- The Washington Times - Tuesday, May 17, 2022

With the second-worst record in the major leagues, the Washington Nationals have made their fair share of blunders through the first six weeks of the season.

But Monday’s loss to the Marlins — specifically a two-error sequence on one play — may have been a new low. A hard-hit ground ball to shortstop allowed three runs to score following two throwing errors that nearly ended with a Little League home run.

The Bad News Bears-esque play in the seventh inning didn’t just put another quarter in the Marlins’ merry-go-round en route to an 8-2 Nationals loss. It also catapulted Washington into first place — er, last place — in the majors with 29 errors through Monday’s action. 



No team has committed more errors this spring than the Nationals, who entered Tuesday’s contest against the Marlins with a 12-25 record — only two games ahead of the Cincinnati Reds

“I’ve seen signs where this team is good, and I really believe we’re gonna be good,” Nationals manager Dave Martinez told reporters after the loss, according to MASN. “So we want to refresh now. One, we’re facing some pretty good pitching, and two, we just can’t beat ourselves.”

The two-error play started when Jorge Soler ripped a 113.2 mph grounder with the bases loaded. The ground ball was right at Dee Strange-Gordon, but the Nationals’ backup shortstop didn’t square the ball up and saw it tip off his glove into left field. Strange-Gordon wasn’t charged with an error, but left fielder Lane Thomas was after his throw home was off the mark and couldn’t be corralled by catcher Keibert Ruiz. 

Nationals reliever Victor Arano, who gave up four hits and two runs in one inning, then jogged to the ball and errantly fired it past second base when trying to get Soler advancing, allowing a third run to score on the play. Soler moved to third and would’ve had the chance to score, if not for Victor Robles diving to stop the rolling baseball in center field. 

“He just rushed,” Martinez said of Arano’s throw, per MASN. “I mean, he’s dead out if he throws it right on the base. But he tried to rush, and the ball just sailed. Those things happen, especially when a pitcher doesn’t really work on those kinds of things. So he had more time than he thought he had. He didn’t gather himself and threw the ball away.”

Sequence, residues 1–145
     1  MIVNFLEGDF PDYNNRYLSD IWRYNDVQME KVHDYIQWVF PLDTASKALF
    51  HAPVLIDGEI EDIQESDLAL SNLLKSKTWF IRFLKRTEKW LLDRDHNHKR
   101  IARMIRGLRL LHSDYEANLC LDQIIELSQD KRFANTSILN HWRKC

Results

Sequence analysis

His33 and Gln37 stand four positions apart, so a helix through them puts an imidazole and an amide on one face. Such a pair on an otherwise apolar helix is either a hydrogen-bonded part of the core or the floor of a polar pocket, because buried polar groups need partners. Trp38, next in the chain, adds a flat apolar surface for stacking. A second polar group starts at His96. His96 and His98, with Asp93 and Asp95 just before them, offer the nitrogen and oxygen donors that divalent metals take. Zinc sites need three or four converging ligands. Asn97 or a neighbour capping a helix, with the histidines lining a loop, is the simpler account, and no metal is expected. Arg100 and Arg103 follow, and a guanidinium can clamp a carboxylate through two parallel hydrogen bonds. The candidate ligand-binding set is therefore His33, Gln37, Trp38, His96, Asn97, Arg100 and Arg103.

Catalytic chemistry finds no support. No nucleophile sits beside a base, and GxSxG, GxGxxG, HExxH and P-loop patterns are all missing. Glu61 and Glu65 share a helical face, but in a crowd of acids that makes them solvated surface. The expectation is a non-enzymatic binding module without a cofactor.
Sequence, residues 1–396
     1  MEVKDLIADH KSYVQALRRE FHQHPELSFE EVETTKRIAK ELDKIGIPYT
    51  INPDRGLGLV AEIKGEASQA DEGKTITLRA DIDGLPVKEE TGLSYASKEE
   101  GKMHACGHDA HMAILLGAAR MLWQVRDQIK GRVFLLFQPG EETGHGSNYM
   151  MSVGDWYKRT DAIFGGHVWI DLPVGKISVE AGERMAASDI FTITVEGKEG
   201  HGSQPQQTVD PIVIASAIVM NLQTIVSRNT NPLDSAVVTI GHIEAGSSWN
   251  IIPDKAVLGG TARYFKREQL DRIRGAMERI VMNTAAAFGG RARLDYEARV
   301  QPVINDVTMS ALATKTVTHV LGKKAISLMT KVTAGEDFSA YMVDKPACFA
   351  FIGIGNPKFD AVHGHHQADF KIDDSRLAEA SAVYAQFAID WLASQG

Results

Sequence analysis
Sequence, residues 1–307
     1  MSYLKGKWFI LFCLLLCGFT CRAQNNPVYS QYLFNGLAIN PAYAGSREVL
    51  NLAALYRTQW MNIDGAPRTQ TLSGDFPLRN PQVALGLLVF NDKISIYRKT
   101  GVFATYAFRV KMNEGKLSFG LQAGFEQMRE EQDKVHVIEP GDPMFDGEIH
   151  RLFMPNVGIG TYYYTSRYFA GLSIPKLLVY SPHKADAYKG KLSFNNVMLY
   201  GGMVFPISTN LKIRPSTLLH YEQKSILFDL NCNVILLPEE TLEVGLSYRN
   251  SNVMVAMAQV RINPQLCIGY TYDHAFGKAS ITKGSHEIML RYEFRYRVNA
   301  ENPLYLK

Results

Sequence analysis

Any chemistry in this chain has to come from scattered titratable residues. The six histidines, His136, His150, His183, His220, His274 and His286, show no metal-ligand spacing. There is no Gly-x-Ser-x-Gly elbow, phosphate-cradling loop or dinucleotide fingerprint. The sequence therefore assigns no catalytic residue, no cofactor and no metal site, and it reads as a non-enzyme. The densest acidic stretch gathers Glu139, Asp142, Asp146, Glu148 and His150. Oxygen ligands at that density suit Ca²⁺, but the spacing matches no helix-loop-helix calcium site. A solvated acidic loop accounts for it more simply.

Thirteen different Nationals players have committed an error through 37 games this season — a surprising weakness for a team that sports former Gold Glove winners Alcides Escobar at shortstop and Cesar Hernandez at second base. 

Third baseman Maikel Franco has struggled the most defensively — excluding a few web gems going to his right — with a team-high six errors and a .939 fielding percentage. That’s far from shocking, considering Franco has been a below-average defender for his entire career. Most surprising has been Escobar’s difficulty with the glove. The former Royals shortstop, in his age-35 season, has made five errors with a .950 fielding percentage this spring. 

However, errors are far from the only number that matters when assessing a team’s defense. For example, the lowly Reds boast the best fielding percentage in baseball at .991 despite having the worst record in the majors.

But the advanced metrics aren’t much better for Martinez’s club. As of Tuesday afternoon, the Nationals rank 27th in defensive runs saved with negative-10, according to FanGraphs. 

Last week, Martinez characterized some of the team’s defensive miscues as “lazy mistakes.” 

“Some of these errors that we’re making are just, brutally honest, kind of lazy mistakes,” Martinez said. “I think these guys are more capable of doing that. These are veteran guys. We’re not talking about rookie guys. These are guys that have done it.”

• Jacob Calvin Meyer can be reached at jmeyer@washingtontimes.com.

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